She is a mainstay in Fashion Exposed Online and regular columnist for industry mag, Ragtrader, but just who is Phoebe Garland?
Phoebe runs leading Sydney fashion agency, Garland & Garland Fashion with Robert Garland who was described by Ragtrader as `veteran ragtrader’ with over 30 years experience. Their agency represents middle to mature age brands including Black Pepper, Breakaway, La Dame and Adam Jacobs, as well as offering business mentoring and project management of marketing to the fashion industry.
With her rich history in the Australian fashion industry, we sat Garland down to gain further insight into how she started out, what a day in the life of a fashion agent is really like, and her prediction for the future of the retail industry.
When did you first get your start in the fashion industry?
We established Garland & Garland Fashion in 2002, my background was originally in advertising and publishing with over 17 years of advertising sales experience in magazines and publishing. My husband was the one from a fashion background with over 35 years in the industry, working as a buyer, National Sales Manager, retailer and agent. It was a perfect combination. We both know what sells and more importantly what is commercial, which is fundamental to running a fashion agency.
Also fashion was always, and has always, been a big part of my life. I find it extremely difficult to dress casually. The day you see me trudging around in track suits with no make up will be the beginning of the end for me. I remember being aged 10 climbing Mt Warning with a massive bag of garments and accessories, just in case I decided to change my outfit half way up the mountain!
Were you always interested in the business of fashion?
Yes, I came to this industry and observed that in a lot of ways the fashion industry is quite similar to publishing, but obviously with garments. From a manufacturers/designers point of view, forward funding is a big issue and the constant need for cash flow is the hardest thing for designers and manufacturers to overcome. Similar to publishing, everything has to be paid up front and you are only as good as your last range.
There are lot of issues in the fashion industry that provide extremely heated topics especially among retailers, wholesalers and agents, however I find them very interesting. The fashion industry, I find is one industry that is very slow to embrace change. One area I do find frustrating, and one which the fashion industry has been very slow to adapt to, is adopting certain technologies such as computers, websites and social media, especially when retail is so tough. I would love to see the fashion industry look at new strategies for their business whether or not they are retailers, agents, manufacturers or designers, as times have changed drastically.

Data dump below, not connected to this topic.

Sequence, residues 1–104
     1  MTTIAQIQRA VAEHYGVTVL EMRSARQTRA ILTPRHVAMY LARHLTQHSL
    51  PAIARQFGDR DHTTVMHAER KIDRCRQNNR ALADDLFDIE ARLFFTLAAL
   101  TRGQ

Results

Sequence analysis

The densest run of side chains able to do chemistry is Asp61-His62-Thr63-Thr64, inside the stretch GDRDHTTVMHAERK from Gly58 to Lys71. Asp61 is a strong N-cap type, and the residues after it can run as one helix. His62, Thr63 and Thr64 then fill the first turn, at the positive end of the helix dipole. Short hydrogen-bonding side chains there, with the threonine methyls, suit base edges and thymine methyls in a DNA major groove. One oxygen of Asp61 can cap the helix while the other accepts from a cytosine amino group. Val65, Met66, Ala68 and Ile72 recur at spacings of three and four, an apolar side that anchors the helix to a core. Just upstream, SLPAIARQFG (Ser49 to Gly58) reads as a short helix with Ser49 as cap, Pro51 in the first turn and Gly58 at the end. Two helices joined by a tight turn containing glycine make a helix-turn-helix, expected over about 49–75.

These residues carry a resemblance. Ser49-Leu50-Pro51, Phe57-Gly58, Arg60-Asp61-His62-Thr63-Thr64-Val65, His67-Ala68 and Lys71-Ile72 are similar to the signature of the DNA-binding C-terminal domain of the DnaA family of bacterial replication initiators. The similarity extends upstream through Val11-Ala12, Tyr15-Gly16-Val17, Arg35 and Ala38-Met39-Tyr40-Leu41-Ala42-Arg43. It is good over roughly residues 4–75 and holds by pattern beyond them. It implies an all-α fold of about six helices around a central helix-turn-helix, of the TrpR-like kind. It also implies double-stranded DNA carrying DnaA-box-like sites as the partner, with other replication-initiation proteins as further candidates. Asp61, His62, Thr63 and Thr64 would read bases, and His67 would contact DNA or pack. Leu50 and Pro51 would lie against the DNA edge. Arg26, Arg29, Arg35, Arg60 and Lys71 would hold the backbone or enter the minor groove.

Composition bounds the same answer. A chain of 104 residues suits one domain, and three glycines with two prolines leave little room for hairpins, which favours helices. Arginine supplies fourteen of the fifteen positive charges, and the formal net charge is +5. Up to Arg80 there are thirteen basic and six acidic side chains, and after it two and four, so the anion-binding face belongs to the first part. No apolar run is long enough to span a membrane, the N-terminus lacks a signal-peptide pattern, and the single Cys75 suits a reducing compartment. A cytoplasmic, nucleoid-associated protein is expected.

For those who might not know the extent of what your business and career role entails, please explain the day in the life of a fashion agent?
Our business revolves around mainly two selling periods a year, which last for about 2 months for each of them, and can be very intense. Fashion agents are different from distributors as we don’t actually buy or own any stock. We are merely the middle man between the designer/manufacturer and the retailer. We receive sample ranges from the manufacturer and provide showings to the retailer. We have days where we have back to back appointments which can start from 8am showings and go right up until midnight. But in between seasons we have a lot of flexibility as well which makes it so worth it. I love what we do, I love talking with retailers and manufacturers and listening to them and helping them with where we can improve their business. We also spend a lot of time mentoring.
You recently spoke at the Fashion Torque event hosted by renowned fashion designer Jenny Bannister and stylist Philip Boon, about The Business of Colour – what was some of your main points?
We discussed colour trends and what colours tend to work well for ranges, as well as which colours don’t work in terms of sales. I observed that muted tones tend to sell well, and red and black as they were very safe to the consumer to purchase and suited most people. I also predicted Berry was going to be a big colour trend for the next couple of seasons and sure enough I am seeing it in everyones ranges from Sass & Bide to some of our more mature conservative ranges.